Cuff-Style Microscope (No. 233 )

Age: 1760–1780
Made by: possibly George Adams Jr.
Made in: England
Adams, London
Lieberkuhn positions

Microscope No. 233 is a compound microscope mounted on a simple oak block. The microscope construction is of the Cuff style with a single support pillar, Hevelius screw focus and simple optics. The cross-shaped stage, fixed to the pillar with two coarse machine screws, has two slotted cutouts for accessories and a recessed central hole. A scooped mount underneath the stage held a glass sample phial. Springs to support the phial are missing. The base has a hole for the illuminating mirror; which is also missing. The microscope body press-fits into a cantilevered support arm. Microscope optics, standard for the time, consist of three biconvex single lenses: eye, field, and objective lenses. There is only one objective with this instrument. It is engraved with a "4". The downtube is engraved with Lieberkuhn positions (2-5).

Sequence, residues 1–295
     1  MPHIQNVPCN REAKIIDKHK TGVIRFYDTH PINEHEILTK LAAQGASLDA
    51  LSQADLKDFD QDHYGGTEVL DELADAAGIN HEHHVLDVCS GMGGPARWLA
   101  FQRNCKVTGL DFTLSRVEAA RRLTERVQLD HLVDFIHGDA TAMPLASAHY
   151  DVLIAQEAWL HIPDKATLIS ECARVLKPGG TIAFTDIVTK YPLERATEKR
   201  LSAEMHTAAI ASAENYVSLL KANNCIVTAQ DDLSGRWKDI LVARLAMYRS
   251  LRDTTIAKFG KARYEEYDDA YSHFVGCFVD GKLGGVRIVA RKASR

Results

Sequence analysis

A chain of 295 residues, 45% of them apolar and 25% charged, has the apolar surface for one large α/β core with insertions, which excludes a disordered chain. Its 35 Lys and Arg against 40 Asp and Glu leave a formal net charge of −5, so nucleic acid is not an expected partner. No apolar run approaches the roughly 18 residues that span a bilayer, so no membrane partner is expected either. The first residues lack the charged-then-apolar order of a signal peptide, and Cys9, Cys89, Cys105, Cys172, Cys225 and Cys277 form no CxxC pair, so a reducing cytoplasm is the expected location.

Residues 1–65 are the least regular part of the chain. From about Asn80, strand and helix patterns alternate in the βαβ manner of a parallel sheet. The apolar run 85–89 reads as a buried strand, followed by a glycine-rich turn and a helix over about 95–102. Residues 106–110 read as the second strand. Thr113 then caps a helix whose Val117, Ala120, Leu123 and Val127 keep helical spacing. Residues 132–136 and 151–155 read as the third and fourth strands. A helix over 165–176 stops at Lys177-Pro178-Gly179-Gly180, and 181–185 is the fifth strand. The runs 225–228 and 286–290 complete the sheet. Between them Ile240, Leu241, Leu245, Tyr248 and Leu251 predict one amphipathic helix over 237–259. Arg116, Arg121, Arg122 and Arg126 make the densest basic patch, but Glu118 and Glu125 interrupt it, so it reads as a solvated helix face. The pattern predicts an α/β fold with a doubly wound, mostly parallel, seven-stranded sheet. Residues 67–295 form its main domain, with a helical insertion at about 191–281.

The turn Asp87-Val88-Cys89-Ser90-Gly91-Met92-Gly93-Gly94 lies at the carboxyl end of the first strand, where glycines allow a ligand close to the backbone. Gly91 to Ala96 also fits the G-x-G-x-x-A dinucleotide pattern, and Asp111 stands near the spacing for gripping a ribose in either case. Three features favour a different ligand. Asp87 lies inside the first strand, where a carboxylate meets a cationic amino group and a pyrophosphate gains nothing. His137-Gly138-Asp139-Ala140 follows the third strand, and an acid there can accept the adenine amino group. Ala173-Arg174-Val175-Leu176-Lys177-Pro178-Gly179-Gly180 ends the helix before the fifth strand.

George Adams Jr. is known to have made direct Cuff copies (such as this one) as well as modified Cuff-type instruments prior to his invention of the Universal microscope. The crude nature of this instrument, the "Adams" signature, and its nearly identical construction to the original Cuff microscope suggests this instrument was made in the early era of the George Adams Jr. workshop. There are several clues that suggest this: The quality of the signature and downtube engravings are not typical of George Adams Jr. The downtube itself is extremely thick brass (3mm); which is uncharacteristic of later instruments from the Adams shop. The workmanship is of a poorer quality than is typical of Adams' later instruments (see No. 6 and No. 17)—this includes the poorly cast support ornament, the large, crude machine screws found throughout the instrument, and hand-engraved Lieberkuhn position marks on the downtube.

The microscope is approximately 26cm tall. There is no storage box and no accessories with this instrument.

Featured 06/2009

Sun, May 31, 2009